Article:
“Failure to educate young Americans about the whole story of Atlantic slave trade threatens to divide our nation and undermine our civic unity and belief in the historical legitimacy of our democratic institutions. Education in a democracy cannot promote half-truths about history without undermining the ideal of e pluribus unum—one from many—and substituting a divisive emphasis on many from one. The history of the slave trade proves that virtually everyone participated and profited—whites and blacks; Christians, Muslims, and Jews; Europeans, Africans, Americans, and Latin Americans. Once we recognize the shared historical responsibility for the Atlantic slave trade, we can turn our attention to “transforming the future” by eradicating its corrosive legacy.”
Why do I include the above passage in this essay? I did so because every person alive today is deriving benefits accruing to the enslavement of someone. Great civilizations be they Egyptian, Greek, Roman, Germanic would never have advanced within the limitations of their own workforces. That is not to rationalize slavery as something good for it is an abomination to the notion of free men. But we cannot continue to hold the descendants of ancient cultures liable for the acts of their forebears. Long before the Atlantic Slave trade ever took hold eastern Europeans were enslaved. The etymology of the word slave derives from the Ethnic group Slav.
Does anyone really believe that the words of a small band of disenfranchised white guys whose economic prospects are diminished by their own radical ideas are a threat to greater tolerance of other ideas, beliefs and cultures? Besides, whose voices are enjoined from speaking by virtue of crowd behavior? Or, is this preoccupation with “white nationalists” or, “supremacists”, part of a larger more insidious plan to undermine the real values of American culture; a culture that allows diversity of thought, one that has has a formalized process to welcome and integrate more new people into its way of life than anywhere on this planet, and has been a driving force for upward mobility for anyone that chooses to apply themselves toward those goals. What we should be worried about is that the continuation of identity politics which pits one group against another is more of a threat to democratic republicanism and social tolerance than any outside force. I choose the conservative ideal of e pluribus unum and reject identity tribalism as a cultural imperative.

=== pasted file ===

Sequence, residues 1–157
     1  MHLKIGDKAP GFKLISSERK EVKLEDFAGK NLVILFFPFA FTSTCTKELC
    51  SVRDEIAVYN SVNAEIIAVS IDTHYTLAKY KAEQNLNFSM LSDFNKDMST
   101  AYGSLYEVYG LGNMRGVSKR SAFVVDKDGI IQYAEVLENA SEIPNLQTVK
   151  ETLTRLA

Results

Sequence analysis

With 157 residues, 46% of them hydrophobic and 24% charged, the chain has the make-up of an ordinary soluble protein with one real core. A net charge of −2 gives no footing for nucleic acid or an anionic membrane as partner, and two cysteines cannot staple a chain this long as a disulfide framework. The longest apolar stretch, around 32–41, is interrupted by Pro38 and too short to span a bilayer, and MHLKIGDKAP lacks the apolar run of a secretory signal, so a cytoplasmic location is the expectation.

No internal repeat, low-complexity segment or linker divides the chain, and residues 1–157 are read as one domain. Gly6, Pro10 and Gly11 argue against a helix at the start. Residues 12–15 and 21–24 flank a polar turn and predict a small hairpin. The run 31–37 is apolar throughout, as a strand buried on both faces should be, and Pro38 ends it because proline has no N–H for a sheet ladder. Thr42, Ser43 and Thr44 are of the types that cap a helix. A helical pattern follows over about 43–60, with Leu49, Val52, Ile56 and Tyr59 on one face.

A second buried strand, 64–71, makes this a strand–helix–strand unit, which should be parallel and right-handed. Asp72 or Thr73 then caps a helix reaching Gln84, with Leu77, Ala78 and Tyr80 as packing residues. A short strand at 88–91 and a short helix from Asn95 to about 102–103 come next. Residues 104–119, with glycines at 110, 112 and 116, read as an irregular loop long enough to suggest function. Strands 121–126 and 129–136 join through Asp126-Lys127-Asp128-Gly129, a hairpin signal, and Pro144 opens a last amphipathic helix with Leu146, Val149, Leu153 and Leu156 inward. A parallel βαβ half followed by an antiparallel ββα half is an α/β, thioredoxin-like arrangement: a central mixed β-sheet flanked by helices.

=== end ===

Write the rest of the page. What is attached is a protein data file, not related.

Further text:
Unlike the media and the 21 century carpetbaggers who exploit divisiveness, I will choose to forego the ability to profit from creating disunity and division but I will not stop challenging those who sow the seeds of distrust and Nihlism.